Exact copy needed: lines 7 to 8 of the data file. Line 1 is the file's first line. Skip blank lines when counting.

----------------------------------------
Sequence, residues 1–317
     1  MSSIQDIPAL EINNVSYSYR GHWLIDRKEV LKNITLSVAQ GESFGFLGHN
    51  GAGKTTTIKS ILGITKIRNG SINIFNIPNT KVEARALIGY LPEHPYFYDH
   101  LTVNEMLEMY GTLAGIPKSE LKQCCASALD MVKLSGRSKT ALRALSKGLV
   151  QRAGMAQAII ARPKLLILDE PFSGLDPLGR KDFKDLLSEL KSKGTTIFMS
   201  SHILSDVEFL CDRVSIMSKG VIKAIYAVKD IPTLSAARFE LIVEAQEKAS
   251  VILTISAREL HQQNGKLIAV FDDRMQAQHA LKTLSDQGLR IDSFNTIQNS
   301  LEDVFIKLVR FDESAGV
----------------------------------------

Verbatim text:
   251  VILTISAREL HQQNGKLIAV FDDRMQAQHA LKTLSDQGLR IDSFNTIQNS
   301  LEDVFIKLVR FDESAGV